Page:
By: Ebey P. Soman
Dear Sir or Madam,
Christmas is just a few days away, and an amazing year of great challenges, pleasant surprises, and endeavors is coming to a close. From working on Drugs & Diseases courses to simply having the privilege of being part of the profession at the White Coat Ceremony, students have endured much and achieved more than what was expected. Of course, we cannot forget to mention our faculty members, professors, teaching fellows, and administrative staff who toiled (without ceasing) to provide us unforgettable learning experiences this past year.
So on behalf of the entire Rho Chi Post editorial staff, I have the pleasure, nay the privilege, to wish our readers – the Faculty Members, Professors, Guest Authors, Pharmacists, University Staff, and last but not least, the Student Body – a Merry Christmas, a beautiful festival of rededication (Hănukkāh), a plentiful celebration of the harvest with Kwanzaa, and a blessed New Year.
I wish to offer some tips that will make the holidays full of merriment and ensure a healthy celebration. The holidays, especially Christmas, are filled with gifts; so, early preparation is important if you want to avoid last-minute stress during the holiday rush. Children should be given age-appropriate toys as gifts, and these should only be from appropriate vendors (to avoid lead contamination or other hazardous conditions). It is very important that everyone in the home gets plenty of rest in between the festivities to avoid sickness.
The birth of Jesus Christ is a reason to be merry, but that does not mean it should warrant excessive consumption of alcohol. Please watch your alcohol intake, and have a designated (sober) driver, even it is just a “few drinks.” At parties, eat healthy foods, such as fruits and vegetables, and avoid eating the junk foods loaded with sodium and fat. Remember to stay hydrated with plenty of water, and keep in mind that nothing beats a cup of hot chocolate during a frosty day!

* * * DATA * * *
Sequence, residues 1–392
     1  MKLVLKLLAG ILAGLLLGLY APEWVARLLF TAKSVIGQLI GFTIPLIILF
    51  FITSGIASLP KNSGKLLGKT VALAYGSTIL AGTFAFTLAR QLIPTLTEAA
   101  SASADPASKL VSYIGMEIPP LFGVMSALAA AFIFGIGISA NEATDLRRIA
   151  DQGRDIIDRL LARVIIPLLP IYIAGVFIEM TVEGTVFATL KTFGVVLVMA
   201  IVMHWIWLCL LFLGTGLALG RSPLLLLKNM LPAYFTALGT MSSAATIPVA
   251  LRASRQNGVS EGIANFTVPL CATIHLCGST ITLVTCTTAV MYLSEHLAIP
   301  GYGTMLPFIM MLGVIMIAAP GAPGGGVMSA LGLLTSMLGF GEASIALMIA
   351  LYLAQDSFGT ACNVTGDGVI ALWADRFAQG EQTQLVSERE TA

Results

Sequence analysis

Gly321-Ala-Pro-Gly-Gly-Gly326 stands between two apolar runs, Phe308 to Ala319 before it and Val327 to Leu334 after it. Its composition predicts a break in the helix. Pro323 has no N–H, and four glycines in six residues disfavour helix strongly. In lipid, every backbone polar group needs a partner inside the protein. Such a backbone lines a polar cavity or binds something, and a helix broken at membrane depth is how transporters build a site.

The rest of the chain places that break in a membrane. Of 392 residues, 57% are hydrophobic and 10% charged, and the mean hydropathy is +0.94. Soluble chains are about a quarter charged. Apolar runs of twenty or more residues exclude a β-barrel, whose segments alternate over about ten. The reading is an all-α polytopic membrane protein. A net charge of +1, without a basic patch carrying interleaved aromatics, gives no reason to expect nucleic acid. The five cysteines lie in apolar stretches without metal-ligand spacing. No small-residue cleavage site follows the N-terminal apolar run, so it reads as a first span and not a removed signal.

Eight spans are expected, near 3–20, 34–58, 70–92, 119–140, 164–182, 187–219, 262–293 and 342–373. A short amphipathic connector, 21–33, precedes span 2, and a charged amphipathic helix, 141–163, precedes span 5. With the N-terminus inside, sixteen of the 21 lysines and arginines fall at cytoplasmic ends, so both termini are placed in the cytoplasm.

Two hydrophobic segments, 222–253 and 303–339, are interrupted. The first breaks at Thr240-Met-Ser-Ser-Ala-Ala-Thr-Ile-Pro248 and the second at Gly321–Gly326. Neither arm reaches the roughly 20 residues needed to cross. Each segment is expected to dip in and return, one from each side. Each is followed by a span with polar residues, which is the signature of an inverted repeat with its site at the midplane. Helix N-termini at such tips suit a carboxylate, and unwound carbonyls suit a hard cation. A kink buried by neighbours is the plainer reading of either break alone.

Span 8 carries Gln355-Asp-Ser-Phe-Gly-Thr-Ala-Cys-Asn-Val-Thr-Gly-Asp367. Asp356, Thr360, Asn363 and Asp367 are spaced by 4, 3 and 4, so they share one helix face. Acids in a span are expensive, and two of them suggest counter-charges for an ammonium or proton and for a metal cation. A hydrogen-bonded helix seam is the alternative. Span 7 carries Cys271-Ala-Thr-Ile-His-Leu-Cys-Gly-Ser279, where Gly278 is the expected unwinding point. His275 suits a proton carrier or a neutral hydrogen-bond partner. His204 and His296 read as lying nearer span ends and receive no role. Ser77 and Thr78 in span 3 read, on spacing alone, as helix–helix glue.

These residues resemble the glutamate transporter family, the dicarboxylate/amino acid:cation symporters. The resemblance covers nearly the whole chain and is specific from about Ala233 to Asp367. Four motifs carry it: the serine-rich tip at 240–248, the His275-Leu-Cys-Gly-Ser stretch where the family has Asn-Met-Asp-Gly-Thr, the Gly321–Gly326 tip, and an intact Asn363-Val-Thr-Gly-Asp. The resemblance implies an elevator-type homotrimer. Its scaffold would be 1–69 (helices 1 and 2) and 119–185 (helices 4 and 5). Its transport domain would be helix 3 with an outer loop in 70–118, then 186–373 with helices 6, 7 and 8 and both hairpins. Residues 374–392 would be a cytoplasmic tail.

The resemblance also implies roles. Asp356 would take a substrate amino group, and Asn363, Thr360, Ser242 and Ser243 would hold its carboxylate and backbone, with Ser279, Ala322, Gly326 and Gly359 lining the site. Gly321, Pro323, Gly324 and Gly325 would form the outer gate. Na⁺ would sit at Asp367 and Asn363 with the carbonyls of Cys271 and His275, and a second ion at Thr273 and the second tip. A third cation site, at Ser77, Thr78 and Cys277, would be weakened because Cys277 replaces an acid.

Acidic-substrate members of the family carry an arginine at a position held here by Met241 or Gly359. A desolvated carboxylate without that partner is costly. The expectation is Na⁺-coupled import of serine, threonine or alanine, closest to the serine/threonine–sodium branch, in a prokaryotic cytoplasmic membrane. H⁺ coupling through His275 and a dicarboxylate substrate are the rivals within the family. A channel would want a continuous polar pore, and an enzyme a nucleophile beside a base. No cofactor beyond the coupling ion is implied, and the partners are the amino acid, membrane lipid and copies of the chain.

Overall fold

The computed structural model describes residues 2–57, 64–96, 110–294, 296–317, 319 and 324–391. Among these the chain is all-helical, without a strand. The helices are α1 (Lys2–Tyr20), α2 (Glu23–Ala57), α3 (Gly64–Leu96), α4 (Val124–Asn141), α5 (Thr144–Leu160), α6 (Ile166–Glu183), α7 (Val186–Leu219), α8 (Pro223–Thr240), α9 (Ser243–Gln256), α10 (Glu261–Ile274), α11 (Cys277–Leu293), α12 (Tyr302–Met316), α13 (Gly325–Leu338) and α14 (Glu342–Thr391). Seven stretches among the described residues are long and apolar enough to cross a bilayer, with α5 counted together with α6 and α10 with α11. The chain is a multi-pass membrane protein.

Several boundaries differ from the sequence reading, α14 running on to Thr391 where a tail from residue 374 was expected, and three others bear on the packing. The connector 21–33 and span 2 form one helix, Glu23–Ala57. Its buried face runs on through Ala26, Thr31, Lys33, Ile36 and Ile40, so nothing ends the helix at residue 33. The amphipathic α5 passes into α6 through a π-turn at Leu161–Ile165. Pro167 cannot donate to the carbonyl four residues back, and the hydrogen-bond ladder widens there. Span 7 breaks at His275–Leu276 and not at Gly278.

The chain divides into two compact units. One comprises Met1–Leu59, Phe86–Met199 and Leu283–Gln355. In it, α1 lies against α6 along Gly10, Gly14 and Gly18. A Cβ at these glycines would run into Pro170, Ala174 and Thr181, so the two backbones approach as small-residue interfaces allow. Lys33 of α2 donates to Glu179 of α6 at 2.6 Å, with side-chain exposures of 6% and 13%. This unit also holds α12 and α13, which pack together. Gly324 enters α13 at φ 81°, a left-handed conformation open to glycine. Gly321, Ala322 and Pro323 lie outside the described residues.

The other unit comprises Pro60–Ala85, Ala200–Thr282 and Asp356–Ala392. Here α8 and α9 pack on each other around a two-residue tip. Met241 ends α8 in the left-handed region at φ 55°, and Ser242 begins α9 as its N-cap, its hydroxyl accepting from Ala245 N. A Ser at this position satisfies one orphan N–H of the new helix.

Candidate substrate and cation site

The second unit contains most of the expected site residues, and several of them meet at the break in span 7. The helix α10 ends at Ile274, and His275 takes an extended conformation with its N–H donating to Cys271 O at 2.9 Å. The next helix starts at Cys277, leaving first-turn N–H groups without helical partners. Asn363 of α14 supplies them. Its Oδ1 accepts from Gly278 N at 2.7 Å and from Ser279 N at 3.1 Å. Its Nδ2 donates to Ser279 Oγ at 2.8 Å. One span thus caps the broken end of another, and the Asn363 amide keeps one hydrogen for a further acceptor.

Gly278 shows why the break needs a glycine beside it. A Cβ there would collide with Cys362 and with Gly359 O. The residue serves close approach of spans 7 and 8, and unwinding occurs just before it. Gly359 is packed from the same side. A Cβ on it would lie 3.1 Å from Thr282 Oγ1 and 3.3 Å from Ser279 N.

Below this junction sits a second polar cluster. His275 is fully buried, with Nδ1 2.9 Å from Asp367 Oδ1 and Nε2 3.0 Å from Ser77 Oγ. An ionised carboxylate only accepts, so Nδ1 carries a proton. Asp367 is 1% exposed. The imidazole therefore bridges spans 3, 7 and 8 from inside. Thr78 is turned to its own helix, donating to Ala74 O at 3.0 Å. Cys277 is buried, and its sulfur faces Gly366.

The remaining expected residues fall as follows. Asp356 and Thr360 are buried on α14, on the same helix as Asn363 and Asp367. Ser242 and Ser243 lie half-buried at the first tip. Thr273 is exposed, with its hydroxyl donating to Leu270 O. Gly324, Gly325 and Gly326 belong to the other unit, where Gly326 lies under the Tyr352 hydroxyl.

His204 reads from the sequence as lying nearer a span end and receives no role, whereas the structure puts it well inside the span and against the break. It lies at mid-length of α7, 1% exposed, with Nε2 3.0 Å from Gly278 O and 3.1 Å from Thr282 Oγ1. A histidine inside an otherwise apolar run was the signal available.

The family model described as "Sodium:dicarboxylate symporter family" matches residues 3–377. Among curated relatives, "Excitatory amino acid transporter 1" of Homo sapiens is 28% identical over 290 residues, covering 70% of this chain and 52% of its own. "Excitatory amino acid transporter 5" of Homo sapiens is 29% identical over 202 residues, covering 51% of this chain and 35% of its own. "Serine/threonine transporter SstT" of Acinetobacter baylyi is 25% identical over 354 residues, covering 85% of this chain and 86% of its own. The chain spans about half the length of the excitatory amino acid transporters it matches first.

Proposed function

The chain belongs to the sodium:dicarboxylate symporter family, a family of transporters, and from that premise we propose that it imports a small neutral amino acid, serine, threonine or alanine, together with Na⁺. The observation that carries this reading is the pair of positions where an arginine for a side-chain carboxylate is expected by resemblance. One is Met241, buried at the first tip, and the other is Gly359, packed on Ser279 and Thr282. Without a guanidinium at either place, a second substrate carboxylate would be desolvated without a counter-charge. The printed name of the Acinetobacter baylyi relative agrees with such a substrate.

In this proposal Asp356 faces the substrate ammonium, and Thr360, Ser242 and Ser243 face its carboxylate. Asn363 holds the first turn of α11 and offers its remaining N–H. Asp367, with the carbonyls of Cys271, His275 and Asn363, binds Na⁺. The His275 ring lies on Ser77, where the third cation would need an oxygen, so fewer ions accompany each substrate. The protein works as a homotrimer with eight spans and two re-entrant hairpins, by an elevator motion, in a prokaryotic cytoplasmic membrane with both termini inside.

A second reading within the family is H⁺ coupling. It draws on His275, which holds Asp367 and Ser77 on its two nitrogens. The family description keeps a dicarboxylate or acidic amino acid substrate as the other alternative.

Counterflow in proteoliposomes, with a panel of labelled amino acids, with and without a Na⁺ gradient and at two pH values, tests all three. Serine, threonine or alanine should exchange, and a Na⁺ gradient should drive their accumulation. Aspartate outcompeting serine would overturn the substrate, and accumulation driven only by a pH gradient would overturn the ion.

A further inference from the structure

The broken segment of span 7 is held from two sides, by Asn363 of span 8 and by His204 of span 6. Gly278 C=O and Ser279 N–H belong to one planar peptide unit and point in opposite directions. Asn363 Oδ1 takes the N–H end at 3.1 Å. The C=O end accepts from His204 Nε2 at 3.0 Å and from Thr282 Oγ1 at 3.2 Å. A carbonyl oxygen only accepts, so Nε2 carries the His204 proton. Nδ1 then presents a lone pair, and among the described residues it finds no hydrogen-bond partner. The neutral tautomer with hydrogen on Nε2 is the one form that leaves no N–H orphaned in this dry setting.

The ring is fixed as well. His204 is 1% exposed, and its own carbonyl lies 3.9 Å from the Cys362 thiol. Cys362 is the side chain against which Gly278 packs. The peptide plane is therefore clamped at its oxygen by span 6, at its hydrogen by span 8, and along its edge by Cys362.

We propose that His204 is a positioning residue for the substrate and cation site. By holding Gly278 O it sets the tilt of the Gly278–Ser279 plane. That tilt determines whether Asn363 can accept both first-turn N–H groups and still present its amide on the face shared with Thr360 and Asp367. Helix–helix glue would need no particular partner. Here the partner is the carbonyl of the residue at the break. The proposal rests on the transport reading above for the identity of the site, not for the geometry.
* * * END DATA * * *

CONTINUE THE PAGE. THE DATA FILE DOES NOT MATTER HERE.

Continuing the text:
It is also important to slow down a little when everyone else around you seems to be in a rush to get elsewhere. How about a walk in the park with a friend -or- fox-trot across the room with your partner? These small things help you get the 30 minutes of exercise needed to maintain a healthy lifestyle. Stubbing out your cigarettes and eating foods with plenty of omega-3 fatty acids (e.g. fish) is another great idea.
For some, the holidays may not be filled with merriment. The key thing to remember is that it does not matter how expensive or how big your gift is; it is the meaning behind that gift – the fact that you considered the other person when you bought it. So do not overcharge your credit cards or be burdened with the season; instead, being simple can have its rewards, as well. In addition, GriefShare (grief recovery support groups) programs held in many community centers and churches are a good way to deal with the loss of a loved one. Perhaps you can visit their graves, lay some flowers, or play a favorite musical melody of your loved one to remember their love and joy.
And finally, be yourself! The purpose of the season is not to pretend to be someone you are not or be anxious around other people. So, rejoice, relax, and be thankful for this year. Be thankful for the good and the bad, and look forward to a new year filled with new adventures, joy, and peace.
Once again, we wish you Happy Holidays. May your Christmas be jolly, your Hănukkāh full of light, and your Kwanzaa bountiful. May the New Year be a year of more blessings in your life and a year of greater achievements and milestones. We look forward to hearing your feedback, publishing your article submissions, and seeing all of you next year.
On behalf of the Editorial Team and Sincerely,
Ebey P. Soman